Most of us spend 28 percent of our workday on email—deleting, sorting or responding—so it’s an essential tool for business reporters reaching out to sources and editors. But given that most senior executives can receive up to 500 emails a day, crafting a clear, concise and persuasive email—particularly one that asks for an interview or an assignment—has never been more important. These five steps will help ensure people read your email request and respond promptly.
Craft a compelling subject line
Step one is crafting a compelling, clear and succinct subject line. Studies show that 33 percent of us determine which email to open based on the subject line. Focus on the recipient as you craft your emails; assume that the person you are asking for an interview receives hundreds of emails each day. Consider the following as you write your subject line:
• Use active versus passive verbs
• Put your ask in the subject line. For example: Request to Interview You for Feature on Veterans in the Workplace
• Include any deadline within the subject line: Request to Interview Your for Feature on Veterans in the Workplace–Please Reply by 1/21/2017
Help your reader skim
Over 56 percent of email opens occur on a phone or tablet. Your emails should be extremely accessible and skimmable (and easy to read on a small screen). Otherwise your reader will probably scan the first line and move on to the next message. To ensure an easy read:
• Employ bullets in any list
• Use sub headings
• Keep your paragraphs short and digestible vs. dense and long
• Use hyperlinks wherever possible to cut down on words
• Use bold-face type for anything pivotal (such as the deadline)
State your ask clearly up top
Place a clear ask in that very first paragraph—preferably employing language similar to that in your subject line. State your deadline once more. An example:
I’m a series editor and writer for the Guardian Labs Studio, the branded content arm of the Guardian News Media group. I’m writing a news feature for Guardian Sustainable Business on veterans in the workplace and would love to interview you (preferably, by the end of this week) as part of the piece. Specifically, I’m hoping you can comment on:
• New initiatives within Fortune 500 companies to welcome and retain veterans
• Cultural barriers civilians and veterans may face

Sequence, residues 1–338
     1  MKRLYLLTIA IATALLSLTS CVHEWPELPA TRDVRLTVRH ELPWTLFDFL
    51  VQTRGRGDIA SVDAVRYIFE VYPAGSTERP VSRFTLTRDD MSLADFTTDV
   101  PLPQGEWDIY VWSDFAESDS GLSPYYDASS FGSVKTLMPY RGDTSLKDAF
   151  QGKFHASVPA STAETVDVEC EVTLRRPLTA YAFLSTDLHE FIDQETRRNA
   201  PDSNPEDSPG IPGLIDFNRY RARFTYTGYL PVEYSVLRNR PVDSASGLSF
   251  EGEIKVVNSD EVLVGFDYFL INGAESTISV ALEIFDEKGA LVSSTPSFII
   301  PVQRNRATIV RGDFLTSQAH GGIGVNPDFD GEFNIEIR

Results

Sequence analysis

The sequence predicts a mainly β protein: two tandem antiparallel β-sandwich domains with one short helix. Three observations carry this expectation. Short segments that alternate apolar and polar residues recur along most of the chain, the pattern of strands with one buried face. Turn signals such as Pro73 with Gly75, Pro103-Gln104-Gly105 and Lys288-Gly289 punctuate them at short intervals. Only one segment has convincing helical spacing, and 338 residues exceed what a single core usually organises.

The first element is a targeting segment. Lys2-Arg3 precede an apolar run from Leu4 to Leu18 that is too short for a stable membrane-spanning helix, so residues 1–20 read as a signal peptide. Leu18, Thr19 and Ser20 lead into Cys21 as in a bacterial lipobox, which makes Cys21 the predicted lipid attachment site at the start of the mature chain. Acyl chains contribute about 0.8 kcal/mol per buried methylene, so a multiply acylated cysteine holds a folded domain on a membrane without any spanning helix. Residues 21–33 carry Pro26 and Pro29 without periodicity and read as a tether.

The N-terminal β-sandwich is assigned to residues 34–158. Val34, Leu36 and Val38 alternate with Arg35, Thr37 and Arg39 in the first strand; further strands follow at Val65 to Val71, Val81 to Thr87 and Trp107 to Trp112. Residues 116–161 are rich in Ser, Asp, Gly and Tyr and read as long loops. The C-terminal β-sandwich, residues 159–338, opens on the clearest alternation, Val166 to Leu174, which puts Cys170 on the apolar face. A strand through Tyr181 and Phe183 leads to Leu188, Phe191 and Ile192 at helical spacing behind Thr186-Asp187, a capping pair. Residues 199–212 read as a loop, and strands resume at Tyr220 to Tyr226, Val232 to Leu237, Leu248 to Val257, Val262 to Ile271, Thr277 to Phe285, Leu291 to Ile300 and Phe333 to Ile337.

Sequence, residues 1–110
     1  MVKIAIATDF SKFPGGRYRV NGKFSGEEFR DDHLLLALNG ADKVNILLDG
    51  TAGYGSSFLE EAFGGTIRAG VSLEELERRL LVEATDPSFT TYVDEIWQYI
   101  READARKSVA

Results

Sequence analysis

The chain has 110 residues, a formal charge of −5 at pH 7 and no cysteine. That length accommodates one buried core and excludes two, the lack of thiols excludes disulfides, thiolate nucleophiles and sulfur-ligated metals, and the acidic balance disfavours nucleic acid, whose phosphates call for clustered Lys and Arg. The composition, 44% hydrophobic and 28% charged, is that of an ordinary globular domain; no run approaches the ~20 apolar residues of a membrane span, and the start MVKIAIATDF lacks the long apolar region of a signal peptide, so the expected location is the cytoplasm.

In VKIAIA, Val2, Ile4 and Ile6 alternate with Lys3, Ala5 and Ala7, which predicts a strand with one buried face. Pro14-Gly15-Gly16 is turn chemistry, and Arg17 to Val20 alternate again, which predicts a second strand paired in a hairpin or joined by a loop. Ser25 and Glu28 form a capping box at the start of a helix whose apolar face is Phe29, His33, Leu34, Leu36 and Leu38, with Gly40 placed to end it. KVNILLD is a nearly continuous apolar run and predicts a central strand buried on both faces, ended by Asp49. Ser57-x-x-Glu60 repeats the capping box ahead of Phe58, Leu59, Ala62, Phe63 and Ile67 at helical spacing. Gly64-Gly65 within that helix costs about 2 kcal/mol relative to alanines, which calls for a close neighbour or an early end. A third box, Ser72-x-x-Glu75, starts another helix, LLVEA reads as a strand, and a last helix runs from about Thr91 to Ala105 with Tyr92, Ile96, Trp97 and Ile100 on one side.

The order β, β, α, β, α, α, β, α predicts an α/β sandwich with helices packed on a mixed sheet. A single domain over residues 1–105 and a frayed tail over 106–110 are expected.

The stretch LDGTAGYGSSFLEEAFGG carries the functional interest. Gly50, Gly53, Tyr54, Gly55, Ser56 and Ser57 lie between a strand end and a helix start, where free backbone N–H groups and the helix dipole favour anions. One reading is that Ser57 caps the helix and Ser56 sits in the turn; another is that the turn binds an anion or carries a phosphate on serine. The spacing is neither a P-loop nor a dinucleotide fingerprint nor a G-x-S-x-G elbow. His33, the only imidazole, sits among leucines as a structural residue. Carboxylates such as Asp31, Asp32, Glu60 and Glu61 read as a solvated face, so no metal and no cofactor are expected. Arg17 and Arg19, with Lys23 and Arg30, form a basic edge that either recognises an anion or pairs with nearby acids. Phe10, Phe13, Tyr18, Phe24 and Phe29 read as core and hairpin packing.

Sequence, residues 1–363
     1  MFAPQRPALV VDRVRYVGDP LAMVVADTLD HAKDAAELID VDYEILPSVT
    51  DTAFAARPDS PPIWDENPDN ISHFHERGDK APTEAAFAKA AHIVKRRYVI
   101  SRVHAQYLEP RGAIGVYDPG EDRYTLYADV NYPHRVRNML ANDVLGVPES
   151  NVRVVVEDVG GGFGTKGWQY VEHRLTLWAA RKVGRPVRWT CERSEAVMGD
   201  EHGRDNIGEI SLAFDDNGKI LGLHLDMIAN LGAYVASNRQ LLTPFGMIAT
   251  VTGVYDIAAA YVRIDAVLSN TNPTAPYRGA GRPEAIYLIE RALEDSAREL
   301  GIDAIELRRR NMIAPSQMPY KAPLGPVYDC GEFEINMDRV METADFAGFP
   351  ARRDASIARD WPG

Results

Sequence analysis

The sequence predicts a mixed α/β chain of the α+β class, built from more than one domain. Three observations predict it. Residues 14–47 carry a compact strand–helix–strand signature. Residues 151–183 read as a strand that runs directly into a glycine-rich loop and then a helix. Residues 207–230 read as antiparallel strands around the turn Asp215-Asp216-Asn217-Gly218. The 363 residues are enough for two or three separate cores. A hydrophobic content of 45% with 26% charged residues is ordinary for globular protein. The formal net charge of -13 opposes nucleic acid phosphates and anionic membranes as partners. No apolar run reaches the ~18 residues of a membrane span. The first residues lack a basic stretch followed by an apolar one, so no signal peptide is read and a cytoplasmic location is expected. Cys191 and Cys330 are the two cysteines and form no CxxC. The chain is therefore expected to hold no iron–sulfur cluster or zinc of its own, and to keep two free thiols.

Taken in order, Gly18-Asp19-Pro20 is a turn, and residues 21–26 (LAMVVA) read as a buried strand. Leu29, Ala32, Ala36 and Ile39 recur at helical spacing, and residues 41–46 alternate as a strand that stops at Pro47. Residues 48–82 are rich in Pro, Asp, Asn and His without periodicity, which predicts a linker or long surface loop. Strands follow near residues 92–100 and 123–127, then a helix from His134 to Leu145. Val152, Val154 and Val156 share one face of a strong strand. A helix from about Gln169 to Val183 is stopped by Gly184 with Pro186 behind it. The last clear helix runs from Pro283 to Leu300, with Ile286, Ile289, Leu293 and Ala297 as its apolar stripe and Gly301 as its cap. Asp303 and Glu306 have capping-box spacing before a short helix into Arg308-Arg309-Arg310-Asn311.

• The specific strengths and offerings veterans offer the corporate world
Provide logistical details
Part of effective business communication and ensuring your reader reads email and gains all the pivotal information they seek is preempting what questions your readers might have. If a reporter approached me for an interview, I’d want to know:
• How long the interview will take
• Any preparation/research I need to do beforehand
• The readership of the publication–both size and demographics
• Whether I can see the interviewer’s questions ahead of time
• When the story will be published
With this approach in mind, consider the following example for a second paragraph after the introductory paragraph above:
The phone (or Skype) interview won’t exceed 15 minutes and I’m in North Carolina on ET. While I can’t offer questions ahead of time, I promise the questions will fall within the outline I mentioned above.
The story, once completed, publishes (insert date) and I’ve attached our readership data. My goal from our interview: to gain more depth and understanding of the growing trend of veterans entering the workforce.
Then, end on a positive, upbeat note, reconfirming the deadline. For example:
Thanks so much for considering my request. I hope to hear your response either way by end of this week.
Keep it brief and clear
The final step for an effective business email is keeping everything brief and clear. Spend at least 10 minutes reviewing your email, checking spellings and dates, and editing with the following directions:
• Replace weak verbs with active ones
• Use the active voice to help improve your tone and avoid vague or ambiguous writing
• Swap camouflaged nouns such as cooperation, participation and solution with verbs: cooperate, participate and solve.
• Avoid confusing jargon and spell out any acronyms.